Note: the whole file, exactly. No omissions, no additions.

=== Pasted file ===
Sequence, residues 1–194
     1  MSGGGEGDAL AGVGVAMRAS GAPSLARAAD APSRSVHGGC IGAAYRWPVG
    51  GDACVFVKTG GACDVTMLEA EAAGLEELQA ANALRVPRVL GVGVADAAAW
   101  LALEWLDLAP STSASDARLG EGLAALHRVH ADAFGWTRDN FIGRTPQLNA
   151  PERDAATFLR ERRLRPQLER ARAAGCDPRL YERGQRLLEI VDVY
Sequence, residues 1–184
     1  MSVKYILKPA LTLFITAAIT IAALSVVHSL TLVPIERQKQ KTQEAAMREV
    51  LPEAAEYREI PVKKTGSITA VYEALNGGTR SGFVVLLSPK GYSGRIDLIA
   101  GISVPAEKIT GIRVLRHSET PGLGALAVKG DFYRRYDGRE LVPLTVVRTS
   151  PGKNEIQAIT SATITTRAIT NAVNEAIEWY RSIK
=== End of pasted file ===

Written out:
Sequence, residues 1–194
     1  MSGGGEGDAL AGVGVAMRAS GAPSLARAAD APSRSVHGGC IGAAYRWPVG
    51  GDACVFVKTG GACDVTMLEA EAAGLEELQA ANALRVPRVL GVGVADAAAW
   101  LALEWLDLAP STSASDARLG EGLAALHRVH ADAFGWTRDN FIGRTPQLNA
   151  PERDAATFLR ERRLRPQLER ARAAGCDPRL YERGQRLLEI VDVY
Sequence, residues 1–184
     1  MSVKYILKPA LTLFITAAIT IAALSVVHSL TLVPIERQKQ KTQEAAMREV
    51  LPEAAEYREI PVKKTGSITA VYEALNGGTR SGFVVLLSPK GYSGRIDLIA
   101  GISVPAEKIT GIRVLRHSET PGLGALAVKG DFYRRYDGRE LVPLTVVRTS
   151  PGKNEIQAIT SATITTRAIT NAVNEAIEWY RSIK